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South Korea’s Steel Industry

Saturday, November 21, 2015 11:34
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(Before It's News)

By Hunter Wallace

This excerpt also comes from the Ha-Joon Chang book and is particularly interesting in light of the fate of Birmingham:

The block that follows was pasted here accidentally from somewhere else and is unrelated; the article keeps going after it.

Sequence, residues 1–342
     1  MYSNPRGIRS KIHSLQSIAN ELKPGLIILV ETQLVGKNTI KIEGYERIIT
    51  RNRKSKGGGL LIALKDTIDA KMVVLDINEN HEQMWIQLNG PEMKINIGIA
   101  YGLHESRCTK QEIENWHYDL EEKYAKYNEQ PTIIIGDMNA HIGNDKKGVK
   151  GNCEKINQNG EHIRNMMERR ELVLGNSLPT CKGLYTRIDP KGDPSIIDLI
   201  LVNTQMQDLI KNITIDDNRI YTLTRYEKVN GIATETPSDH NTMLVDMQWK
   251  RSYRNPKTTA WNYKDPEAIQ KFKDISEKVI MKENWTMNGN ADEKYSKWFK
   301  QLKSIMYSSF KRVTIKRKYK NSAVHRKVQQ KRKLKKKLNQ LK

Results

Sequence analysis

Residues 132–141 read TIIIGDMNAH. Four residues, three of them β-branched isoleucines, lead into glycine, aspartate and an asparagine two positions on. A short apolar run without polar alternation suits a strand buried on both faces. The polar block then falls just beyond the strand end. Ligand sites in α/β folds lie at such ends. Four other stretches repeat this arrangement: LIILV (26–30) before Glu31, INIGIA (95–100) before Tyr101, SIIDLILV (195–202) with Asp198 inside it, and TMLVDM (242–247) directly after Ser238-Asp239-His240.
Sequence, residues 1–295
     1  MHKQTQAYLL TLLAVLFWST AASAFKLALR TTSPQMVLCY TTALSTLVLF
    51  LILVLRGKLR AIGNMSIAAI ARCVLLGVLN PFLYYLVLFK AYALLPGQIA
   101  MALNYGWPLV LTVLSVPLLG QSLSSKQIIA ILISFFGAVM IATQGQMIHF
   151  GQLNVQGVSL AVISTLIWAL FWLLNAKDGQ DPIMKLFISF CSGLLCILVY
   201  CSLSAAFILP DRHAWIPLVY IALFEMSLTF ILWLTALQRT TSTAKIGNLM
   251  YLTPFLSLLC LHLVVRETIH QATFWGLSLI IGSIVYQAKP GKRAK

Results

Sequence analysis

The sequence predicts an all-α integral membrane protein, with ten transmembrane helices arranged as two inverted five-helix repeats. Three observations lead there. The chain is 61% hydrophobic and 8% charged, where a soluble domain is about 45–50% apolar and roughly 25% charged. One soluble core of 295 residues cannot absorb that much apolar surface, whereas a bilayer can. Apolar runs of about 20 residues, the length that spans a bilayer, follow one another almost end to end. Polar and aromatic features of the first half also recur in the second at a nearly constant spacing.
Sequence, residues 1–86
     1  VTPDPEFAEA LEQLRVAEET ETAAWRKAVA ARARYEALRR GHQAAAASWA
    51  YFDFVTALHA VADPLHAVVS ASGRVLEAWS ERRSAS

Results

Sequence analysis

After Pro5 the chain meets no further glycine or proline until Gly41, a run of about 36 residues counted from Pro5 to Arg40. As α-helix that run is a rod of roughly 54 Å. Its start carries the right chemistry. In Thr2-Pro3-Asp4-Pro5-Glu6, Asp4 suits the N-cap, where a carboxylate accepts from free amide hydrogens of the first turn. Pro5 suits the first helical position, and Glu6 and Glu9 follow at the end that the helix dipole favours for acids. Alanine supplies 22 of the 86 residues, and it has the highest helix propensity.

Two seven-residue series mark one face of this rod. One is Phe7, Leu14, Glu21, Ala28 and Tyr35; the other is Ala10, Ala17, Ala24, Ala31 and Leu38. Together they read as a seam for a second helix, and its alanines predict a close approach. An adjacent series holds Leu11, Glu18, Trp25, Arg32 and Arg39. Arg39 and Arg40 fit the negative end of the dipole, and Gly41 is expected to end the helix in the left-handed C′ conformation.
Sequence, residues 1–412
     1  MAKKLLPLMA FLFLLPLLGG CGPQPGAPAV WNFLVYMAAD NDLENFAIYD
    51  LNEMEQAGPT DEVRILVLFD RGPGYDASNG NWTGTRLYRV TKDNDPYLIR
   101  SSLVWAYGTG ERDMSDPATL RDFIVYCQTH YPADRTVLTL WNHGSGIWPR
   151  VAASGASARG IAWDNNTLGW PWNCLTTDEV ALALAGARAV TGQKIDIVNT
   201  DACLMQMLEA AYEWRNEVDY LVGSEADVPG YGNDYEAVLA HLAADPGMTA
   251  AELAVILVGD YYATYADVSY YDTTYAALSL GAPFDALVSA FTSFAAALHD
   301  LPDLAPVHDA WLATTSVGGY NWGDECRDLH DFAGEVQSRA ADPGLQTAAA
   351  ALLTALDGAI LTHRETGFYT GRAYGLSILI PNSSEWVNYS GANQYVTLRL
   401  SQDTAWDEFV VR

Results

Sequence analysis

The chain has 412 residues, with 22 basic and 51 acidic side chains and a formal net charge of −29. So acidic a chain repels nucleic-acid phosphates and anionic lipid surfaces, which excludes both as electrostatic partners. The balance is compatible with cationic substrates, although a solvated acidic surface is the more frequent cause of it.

“Korea also provides another dramatic example of a successful public enterprise in the form of the (now privatized) steel maker, POSCO (Pohang Iron and Steel Company). The Korean government made an application to the World Bank in the late 1960s for a loan to build its first modern steel mill. The bank rejected it on the grounds that the project was not viable. Not an unreasonable decision. The country’s biggest export items at the time were fish, cheap apparel, wigs and plywood. Korea didn’t possess deposits of either of the two key raw materials – iron ore and coking coal. Furthermore, the Cold War meant it could not import them from nearby communist China. They had to be brought all the way from Australia. And to cap it all, the Korean government proposed to run the venture as a SOE. What more perfect recipe for disaster? Yet within ten years of starting production in 1973, (the project was financed by Japanese banks), the company became one of the most efficient steel-producers on the planet and is now the world’s third largest.”


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